US 4268958 A
A shaving implement is provided with a plurality of frangible tabs that can be broken off, one at a time, incident to each use of a razor blade for shaving. The user is able to keep track of the extent to which each blade is used, and to discard the blade after an appropriate number of uses.
1. In a disposable razor having molded plastic handle with front and back surfaces and a blade holder within which a razor blade is captured, the improvement comprising a plurality of separate, manually frangible, thin plastic tabs all having bases and cantilevered tips protruding outwardly from said back surface of said handle at a uniform sloping angle thereto away from said blade holder, and said tabs are arranged in a row along the back surface of said handle with sharp demarkations defined between said bases and said back surface of said handle.
2. A method of recording the number of uses of a disposable razor having a molded plastic handle with front and back surfaces and a blade holder within which a razor blade is captured, the improvement comprising a plurality of separate, manually frangible, thin plastic tabs all having bases and cantilevered tips protruding outwardly from said back surface of said handle at a uniform sloping angle thereto away from said blade holder, said tabs being arranged in a row along the back surface of said handle with sharp demarkations defined between said bases and said back surface of said handle, comprising grasping said handle in one hand, positioning the thumb of that hand upon the cantilevered tip of one of said tabs, and exerting pressure with said thumb toward said handle on the tip positioned thereagainst until said tip fractures and breaks away from said handle.
1. Field of the Invention
The present invention relates to improvements in disposable razor blades and implements for the use thereof.
2. Description of the Prior Art
Currently, many razor manufacturers market disposable razors used by men for shaving facial hair and by women for shaving underarms and legs. Disposable razors are sold in several forms. In one implementation a razor blade is captured in a shaving implement which includes a molded plastic handle and blade holder. The blade itself is entrapped within the blade holder, but with an edge exposed at an angle relative to the plastic handle which is suitable for shaving. The manufacturers of such devices promote the sale of such implements as disposable devices, to be used for several shaves and then discarded.
An alternative shaving device involves a razor blade, or parallel set of blades, entrapped within a plastic cartridge. Again, the blades are disposed with sharp edges exposed at a suitable angle for shaving. The cartridges and blades therein are considered disposable, and are discarded after a suitable number of shaves. The cartridges are releasably mountable in a reusable razor blade handle.
Razor manufacturers today promote the sale of their shaving implements by extolling the superiority of their devices as contrasted with competitive shaving implements in terms of the number of times which blades of their manufacture can be used while still providing a smooth, close shave. Eventually, of course, the edges of all razor blades commercially available become degraded with continued use. The user ultimately discards the cartridge or disposable handle in which razor blades are captured and procures a new blade for further use.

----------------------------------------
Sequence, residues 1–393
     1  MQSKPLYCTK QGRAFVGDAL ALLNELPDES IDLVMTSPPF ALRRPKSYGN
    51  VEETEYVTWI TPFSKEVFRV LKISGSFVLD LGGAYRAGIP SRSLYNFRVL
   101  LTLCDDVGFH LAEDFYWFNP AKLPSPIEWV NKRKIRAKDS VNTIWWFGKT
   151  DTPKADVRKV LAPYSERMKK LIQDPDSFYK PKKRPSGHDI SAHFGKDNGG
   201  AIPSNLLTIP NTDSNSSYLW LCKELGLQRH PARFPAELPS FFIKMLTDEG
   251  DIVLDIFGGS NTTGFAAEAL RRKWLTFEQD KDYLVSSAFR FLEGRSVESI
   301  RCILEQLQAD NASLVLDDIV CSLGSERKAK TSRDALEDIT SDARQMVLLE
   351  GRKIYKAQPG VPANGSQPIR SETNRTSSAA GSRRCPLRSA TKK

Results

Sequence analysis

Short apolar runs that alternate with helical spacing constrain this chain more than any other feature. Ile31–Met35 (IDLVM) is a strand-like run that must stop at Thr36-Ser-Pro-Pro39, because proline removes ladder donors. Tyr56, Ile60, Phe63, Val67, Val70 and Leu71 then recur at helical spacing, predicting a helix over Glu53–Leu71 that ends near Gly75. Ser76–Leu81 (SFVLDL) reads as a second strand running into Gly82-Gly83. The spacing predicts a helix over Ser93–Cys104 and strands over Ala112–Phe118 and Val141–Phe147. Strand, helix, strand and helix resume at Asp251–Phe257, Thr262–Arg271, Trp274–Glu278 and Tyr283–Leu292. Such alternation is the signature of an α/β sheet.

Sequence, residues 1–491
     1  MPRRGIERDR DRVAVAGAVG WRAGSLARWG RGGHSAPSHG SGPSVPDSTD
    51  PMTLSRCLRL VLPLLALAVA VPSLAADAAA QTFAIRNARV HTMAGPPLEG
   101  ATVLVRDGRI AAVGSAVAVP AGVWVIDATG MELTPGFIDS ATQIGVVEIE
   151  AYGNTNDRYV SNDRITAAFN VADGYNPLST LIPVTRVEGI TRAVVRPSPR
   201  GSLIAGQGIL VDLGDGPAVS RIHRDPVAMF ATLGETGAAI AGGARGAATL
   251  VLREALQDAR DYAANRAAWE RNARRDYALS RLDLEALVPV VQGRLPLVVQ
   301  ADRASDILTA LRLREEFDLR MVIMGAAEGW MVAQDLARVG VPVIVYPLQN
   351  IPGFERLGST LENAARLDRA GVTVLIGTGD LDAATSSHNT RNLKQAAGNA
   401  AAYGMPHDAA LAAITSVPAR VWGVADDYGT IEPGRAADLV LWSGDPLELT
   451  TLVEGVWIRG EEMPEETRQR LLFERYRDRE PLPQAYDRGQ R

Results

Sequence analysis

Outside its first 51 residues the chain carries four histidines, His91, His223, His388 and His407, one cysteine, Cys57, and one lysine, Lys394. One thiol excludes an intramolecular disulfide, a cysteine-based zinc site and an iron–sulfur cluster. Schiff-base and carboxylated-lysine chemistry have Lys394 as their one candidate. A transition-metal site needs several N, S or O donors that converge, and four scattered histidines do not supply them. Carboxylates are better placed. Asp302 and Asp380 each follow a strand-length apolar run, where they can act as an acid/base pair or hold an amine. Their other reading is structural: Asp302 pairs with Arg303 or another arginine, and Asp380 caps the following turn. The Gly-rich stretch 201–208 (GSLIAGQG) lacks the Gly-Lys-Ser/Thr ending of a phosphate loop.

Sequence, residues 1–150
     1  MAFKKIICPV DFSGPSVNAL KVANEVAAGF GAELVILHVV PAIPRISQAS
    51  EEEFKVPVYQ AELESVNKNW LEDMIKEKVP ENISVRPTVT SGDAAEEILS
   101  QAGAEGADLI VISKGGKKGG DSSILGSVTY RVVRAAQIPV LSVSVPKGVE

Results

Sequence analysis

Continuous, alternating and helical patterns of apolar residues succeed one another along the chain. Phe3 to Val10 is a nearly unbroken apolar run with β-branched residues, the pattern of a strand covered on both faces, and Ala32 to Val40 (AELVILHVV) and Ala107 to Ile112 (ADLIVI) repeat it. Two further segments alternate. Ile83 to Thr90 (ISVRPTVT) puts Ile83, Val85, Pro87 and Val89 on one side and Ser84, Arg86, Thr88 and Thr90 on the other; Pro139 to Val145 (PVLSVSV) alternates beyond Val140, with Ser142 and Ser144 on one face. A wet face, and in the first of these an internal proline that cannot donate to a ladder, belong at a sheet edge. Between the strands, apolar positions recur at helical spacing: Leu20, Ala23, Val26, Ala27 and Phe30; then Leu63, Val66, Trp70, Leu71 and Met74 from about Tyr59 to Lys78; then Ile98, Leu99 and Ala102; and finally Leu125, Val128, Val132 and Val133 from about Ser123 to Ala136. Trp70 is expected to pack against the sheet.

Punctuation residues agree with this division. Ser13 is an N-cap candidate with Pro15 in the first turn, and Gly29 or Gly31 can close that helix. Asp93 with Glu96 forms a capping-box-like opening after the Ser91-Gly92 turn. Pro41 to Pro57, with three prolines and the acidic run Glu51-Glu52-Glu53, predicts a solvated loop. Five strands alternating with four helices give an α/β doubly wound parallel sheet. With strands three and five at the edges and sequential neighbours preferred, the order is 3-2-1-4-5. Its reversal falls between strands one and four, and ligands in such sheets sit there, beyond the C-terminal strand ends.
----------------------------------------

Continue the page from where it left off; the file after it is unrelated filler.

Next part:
Heretofore, there has been no provision to allow razor users to easily record and compare the number of satisfactory shaves that may be obtained from a particular blade. While sometimes a specific number, for example 10 shaves, are recommended for each razor by the manufacturer, in fact no simple system for easily maintaining a record of the number of satisfactory shaves achieved with a particular razor exists. As a consequence, consumers simply do not know the extent to which their shaving implement has been used. Users, for the most part, simply use a razor blade until the last use is inordinately uncomfortable, the razor having become dull from overuse. Cuts, scrapes and skin irritation frequently result from the use of a razor too long. Sometimes irritations of this type are not readily noticeable during the shaving process, but give discomfort subsequent to shaving.
The present invention is directed to an improvement in disposable razors used for shaving, and in the use of such razors. According to the invention, several manually frangible indicia are provided for each razor blade in association therewith. Such indicia may typically include a row of thin plastic tabs extending outwardly from the back of a shaving implement that includes a disposable handle. Where the disposable element is limited to a cartridge with blades carried therein, the frangible indicia may extend outwardly from the back of the cartridge.
According to the invention, several frangible indicia are secured proximate to a razor blade, typically through integral manufacture with a disposable handle or disposable cartridge. With each use of the blade for shaving, the user breaks one of the indicia, thereby recording a single instance of use of the blade contemporaneously therewith. With each use of the blade, the user breaks another one of the indicia. Once all of the tabs or other indicia are broken, the user is aware that the blade is probably no longer fit for use, and should be discarded.
The method and device of the present invention provide a number of advantages. The user is able to maintain a record of the number of times a razor has been used for shaving without the necessity for reference to anything other than the disposable portion of the shaving implement itself. That is, the user is able to physically feel and actually count the number of broken indicia or the number of indicia remaining. This number corresponds to the number of times that any particular razor has been used, and the number of times which the razor may subsequently be used, without the ill effects previously described. The user is able to ascertain this information not only after use of a blade for shaving, but also before each such use prior to incurring any of the discomfort that so typically arises from the use of a worn out blades.
A further advantage of the invention is that with a simple shave count recorded in association with each razor, the user need not separate partially used blades in any particular fashion. That is, where the user employs a number of disposable shaving implements in which the entire device is designed to be discarded after use, all such disposable razors may be kept in a single drawer or on a single shelf and razors nearing their useful life can be mingled with razors that have been used less frequently, or not at all. The user is able to tell at an instant the status of any particular razor by reference to the tabs, or other indicia remaining thereon.